The Story of My Life
The Story of My Life
By Helen Keller (1903)
Reviewed by Sheila McIntosh
There is a game that invites the players to imagine which three people, living or dead, they would invite for dinner. When I play it, Helen Keller is always at the top of my list. I find her fascinating - as a woman living in conservative and most likely oppressive times in the early 1900's, she was an activist advocating for workers' rights, women's rights, and the rights of the disabled. She was very much involved with social justice and was a cofounder of the American Civil Liberties Union. I decided recently that I wanted to learn more about her, so I read her memoir "The Story of My Life." And as we near her birthdate (June 27, 1880) and National Deafblindness Awareness Month (June), I am reviewing it so you might want to read it as well and perhaps share it with your students.
The Story of My Life by Helen Keller was written and published in 1903 and details the first part of Helen's life up until her university years. When I read it, it made me question, as I have before, if the fact that Helen had vision and hearing and was developing language until she was 21 months old, then informed what she understood later. Perhaps neural pathways were formed which then impacted her understanding of abstract concepts. Or was it as one of my former colleagues believed that she was a brilliant individual who formed her knowledge and understanding of words and communication after an illness (probably meningitis) that left her with vision and hearing differences. Regardless, the thoughts and ideas she expresses in her book give insight into living and thriving with deafblindness, to the difference of living life with an Intervenor and without, and to acquiring language when a communication system that worked for her was implemented. The fact that she was old enough to remember when she was first immerse in language is insightful in examining the feelings behind language obtainment.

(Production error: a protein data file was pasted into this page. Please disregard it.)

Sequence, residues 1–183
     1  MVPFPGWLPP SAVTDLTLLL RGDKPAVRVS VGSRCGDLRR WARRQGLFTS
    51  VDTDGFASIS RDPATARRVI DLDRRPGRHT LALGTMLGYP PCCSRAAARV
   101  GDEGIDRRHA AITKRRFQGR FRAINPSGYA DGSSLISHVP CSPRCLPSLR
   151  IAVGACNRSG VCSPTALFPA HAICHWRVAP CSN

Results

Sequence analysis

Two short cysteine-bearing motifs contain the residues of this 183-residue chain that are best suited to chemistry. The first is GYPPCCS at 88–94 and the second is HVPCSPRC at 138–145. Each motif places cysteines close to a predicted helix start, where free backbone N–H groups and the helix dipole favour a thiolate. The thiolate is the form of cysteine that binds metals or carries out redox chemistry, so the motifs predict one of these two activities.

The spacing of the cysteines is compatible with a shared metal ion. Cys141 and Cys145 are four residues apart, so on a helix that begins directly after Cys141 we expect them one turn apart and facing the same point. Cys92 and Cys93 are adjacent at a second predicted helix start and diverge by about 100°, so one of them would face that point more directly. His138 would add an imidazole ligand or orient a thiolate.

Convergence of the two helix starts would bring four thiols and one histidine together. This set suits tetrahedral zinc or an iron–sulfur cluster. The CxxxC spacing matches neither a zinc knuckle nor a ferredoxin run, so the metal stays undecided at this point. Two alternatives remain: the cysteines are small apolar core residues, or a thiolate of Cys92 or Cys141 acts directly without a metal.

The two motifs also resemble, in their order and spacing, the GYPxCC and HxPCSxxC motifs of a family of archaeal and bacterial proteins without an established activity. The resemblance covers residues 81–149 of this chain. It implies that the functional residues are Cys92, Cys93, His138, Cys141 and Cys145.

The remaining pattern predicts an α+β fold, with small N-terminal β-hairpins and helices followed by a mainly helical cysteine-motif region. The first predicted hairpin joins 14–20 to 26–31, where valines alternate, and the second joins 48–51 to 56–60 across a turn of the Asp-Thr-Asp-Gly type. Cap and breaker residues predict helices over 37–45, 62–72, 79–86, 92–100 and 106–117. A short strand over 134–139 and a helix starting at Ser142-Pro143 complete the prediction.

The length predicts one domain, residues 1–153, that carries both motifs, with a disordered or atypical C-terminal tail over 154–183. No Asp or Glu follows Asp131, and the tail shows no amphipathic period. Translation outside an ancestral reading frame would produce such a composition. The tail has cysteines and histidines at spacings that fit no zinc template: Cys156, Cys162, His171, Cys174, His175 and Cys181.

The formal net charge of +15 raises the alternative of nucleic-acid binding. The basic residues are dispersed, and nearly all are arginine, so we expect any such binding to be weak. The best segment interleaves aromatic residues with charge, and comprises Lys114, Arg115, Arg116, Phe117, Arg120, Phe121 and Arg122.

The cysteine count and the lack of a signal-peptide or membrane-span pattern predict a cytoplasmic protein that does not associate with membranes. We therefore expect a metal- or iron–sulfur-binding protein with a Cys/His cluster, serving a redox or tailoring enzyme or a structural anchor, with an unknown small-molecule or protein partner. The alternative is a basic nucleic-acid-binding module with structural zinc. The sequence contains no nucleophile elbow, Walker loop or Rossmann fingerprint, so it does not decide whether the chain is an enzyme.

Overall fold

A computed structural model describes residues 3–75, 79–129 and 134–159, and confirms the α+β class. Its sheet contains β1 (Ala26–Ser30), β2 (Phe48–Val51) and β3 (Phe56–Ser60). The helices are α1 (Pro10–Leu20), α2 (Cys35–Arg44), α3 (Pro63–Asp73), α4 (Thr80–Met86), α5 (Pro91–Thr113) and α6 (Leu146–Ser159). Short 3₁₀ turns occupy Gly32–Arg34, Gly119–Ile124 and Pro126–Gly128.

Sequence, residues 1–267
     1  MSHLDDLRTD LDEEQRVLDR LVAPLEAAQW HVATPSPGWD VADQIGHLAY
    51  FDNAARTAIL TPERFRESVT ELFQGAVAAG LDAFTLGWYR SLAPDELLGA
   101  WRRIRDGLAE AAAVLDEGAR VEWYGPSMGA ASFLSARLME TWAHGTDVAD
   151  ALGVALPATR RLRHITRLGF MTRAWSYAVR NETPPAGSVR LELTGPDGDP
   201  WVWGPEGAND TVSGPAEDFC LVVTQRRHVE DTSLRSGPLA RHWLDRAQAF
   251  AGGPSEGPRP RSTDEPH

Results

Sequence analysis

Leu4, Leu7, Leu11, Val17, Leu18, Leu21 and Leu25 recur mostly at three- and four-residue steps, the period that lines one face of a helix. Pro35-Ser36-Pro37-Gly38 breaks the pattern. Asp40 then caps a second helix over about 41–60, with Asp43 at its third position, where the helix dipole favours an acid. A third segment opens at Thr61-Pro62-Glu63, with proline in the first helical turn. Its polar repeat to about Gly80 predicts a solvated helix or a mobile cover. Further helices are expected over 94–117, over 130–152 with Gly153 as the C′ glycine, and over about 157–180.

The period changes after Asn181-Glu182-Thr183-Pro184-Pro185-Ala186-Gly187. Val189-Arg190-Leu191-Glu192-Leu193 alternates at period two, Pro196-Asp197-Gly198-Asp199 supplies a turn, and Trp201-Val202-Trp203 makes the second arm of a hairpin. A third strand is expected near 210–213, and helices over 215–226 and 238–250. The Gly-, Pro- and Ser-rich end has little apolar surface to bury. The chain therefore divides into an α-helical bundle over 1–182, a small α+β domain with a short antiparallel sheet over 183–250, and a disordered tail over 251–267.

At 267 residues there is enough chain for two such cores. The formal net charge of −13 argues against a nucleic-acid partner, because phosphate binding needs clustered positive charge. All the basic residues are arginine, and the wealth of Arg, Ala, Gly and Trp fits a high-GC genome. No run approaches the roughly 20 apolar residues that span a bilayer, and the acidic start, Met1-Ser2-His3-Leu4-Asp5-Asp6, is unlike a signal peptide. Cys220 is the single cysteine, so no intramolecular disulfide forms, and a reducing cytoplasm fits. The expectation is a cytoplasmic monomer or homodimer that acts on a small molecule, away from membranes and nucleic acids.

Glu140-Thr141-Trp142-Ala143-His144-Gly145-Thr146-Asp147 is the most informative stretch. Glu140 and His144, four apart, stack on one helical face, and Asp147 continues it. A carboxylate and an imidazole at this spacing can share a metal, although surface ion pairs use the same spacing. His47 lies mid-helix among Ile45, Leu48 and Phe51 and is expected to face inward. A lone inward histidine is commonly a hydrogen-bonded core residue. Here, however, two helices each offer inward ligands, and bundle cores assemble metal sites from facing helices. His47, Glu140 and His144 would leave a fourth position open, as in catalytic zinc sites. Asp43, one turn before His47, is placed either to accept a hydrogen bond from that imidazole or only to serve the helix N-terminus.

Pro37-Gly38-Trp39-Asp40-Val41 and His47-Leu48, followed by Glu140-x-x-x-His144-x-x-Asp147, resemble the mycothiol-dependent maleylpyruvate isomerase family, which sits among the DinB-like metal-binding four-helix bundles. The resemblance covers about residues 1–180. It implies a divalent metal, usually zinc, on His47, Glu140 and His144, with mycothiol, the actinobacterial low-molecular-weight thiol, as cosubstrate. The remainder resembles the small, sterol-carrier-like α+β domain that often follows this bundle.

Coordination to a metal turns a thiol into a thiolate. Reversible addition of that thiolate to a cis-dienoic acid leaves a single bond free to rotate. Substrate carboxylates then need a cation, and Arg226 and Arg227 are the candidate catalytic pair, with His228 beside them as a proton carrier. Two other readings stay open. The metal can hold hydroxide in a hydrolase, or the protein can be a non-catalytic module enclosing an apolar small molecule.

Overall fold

Along with "The Story of My Life," there are many resources about Helen Keller that are available to students and teachers. One that stands out for me is a show that first aired on the PBS program called American Masters, "Becoming Helen Keller." It is available now on Apple+.
Please take note: before this book is offered to students, it may first require an examination of language, of history and of privilege. Language and beliefs that are now considered racist, are evident throughout the book.
An Exceptional Fellow: A Father's Story
An Exceptional Fellow: A Father’s Story
By Svein Olav Kolset (2011)
Reviewed by Allana Pierce
In this biography, Svein Olav Kolset shares the life journey of an Exceptional Fellow, his son Torgeir, who was born with deafblindness in Norway in 1975. In his memoir, Svein candidly reflects on all the ups, downs, and everything in between on raising a child with congenital deafblindness. From Torgeir’s birth to adulthood, Svein describes memories, events, and emotions, as well as discusses the many complicated aspects of “the system” that parents need to navigate – medical, educational, and community. Svein acknowledges all those who have helped Torgeir and their family along the way.
Torgeir’s story is a reminder that there is still much more work and advocacy to be done to support families and children with deafblindness. From the introduction on page 11-12, Svein writes:
“Why write a book about our son?
A son who has demanded much more from us as parents than children ordinarily do.
A son who, for the entirety of his life, will need the support of a large and resourceful assistance network.
And a warmer society.
I write to illustrate a life lived and fought for outside of the spotlight.
Life with Torgeir has been a dramatic and different journey.
I write because he cannot tell his story personally.
I write to lift him and his peers out of oblivion:
The many small heroes who fight and win battles large and small, far from the front pages of the daily newspapers.
I write for the many everyday heroes who work with our children.
Torgeir has presented and continues to present us with many challenges.
His life is proof of how much, in fact, it is possible to achieve.
He is an exceptional fellow.”